Sleep-related difficulties in healthy children and adolescents.
As sleep-related difficulties are a growing public health concern, it is important to gain an overview of the specific difficulty areas of the most vulnerable individuals: children. The current descriptive study presents the prevalence of sleep-related difficulties in two large samples of healthy children and adolescents and outlines the effects of age, gender, and socioeconomic status (SES) on various sleep-related difficulties.Participants were 855 4-9 year-old children (child sample) and 1,047 10-17 year-old adolescents (adolescent sample) participating 2011-2015 in the LIFE Child study, a population-based cohort study in Germany. Parents of the child participants completed the Children’s Sleep Habits Questionnaire (CSHQ), whereas adolescents self-administered the Sleep Self Report (SSR). Familial SES was determined by a composite score considering parental education, occupational status, and income. Multiple regression analyses were carried out to address the research question.Among 4-9 year-old children, the mean bedtime was reported to be 8 p.m., the mean wake-up time 7 a.m., and sleep duration decreased by 14 min/year of age. 22.6 % of the children and 20.0 % of the adolescents showed problematic amounts of sleep-related difficulties. In the child sample, bedtime resistance, sleep onset delay, sleep-related anxiety, night waking, and parasomnia were more frequent in younger than older children. In the adolescent sample, difficulties at bedtime were more frequent among the younger adolescents, whereas daytime sleepiness was more prominent in the older than the younger adolescents. Considering gender differences, sleep-related difficulties were more frequent among boys in the child sample and among girls in the adolescent sample. Lower SES was associated with increased sleep-related difficulties in the adolescent, but not the child sample.The present results report sleep-related difficulties throughout both childhood and adolescence. Gender differences can already be observed in early childhood, while effects of SES emerge only later in adolescence. The awareness for this circumstance is of great importance for pediatric clinicians who ought to early identify sleep-related difficulties in particularly vulnerable individuals.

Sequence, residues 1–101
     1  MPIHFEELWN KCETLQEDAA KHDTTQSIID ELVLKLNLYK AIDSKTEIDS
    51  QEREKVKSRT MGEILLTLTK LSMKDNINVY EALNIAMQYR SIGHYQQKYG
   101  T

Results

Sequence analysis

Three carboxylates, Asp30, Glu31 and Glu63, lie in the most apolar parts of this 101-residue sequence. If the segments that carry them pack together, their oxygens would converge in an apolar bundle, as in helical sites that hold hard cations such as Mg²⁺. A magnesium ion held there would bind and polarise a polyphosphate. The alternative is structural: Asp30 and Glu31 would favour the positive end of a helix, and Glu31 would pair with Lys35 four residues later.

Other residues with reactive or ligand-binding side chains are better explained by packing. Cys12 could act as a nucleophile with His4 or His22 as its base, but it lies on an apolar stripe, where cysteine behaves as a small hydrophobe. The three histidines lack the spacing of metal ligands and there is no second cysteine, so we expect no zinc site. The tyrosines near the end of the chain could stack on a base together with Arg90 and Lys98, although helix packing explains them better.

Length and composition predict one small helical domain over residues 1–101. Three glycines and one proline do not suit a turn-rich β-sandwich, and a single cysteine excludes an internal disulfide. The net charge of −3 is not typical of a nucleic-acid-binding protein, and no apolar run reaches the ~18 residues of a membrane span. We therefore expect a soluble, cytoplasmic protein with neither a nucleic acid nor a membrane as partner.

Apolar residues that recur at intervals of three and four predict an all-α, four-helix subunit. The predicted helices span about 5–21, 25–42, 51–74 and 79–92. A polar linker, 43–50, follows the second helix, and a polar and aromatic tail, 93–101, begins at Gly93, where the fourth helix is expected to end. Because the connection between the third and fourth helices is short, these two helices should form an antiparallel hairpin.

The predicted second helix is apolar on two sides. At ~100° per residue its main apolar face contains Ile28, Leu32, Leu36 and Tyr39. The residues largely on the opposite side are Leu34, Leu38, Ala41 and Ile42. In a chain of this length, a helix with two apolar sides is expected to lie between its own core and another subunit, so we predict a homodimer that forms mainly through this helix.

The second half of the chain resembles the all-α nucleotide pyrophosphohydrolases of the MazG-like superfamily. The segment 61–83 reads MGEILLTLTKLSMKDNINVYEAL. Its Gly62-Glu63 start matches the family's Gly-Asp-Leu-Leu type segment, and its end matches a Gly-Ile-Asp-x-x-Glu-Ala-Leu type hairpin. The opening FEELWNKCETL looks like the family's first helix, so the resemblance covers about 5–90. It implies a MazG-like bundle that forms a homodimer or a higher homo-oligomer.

Authors: Christiane Lewien, Jon Genuneit, Christof Meigen, Wieland Kiess, Tanja Poulain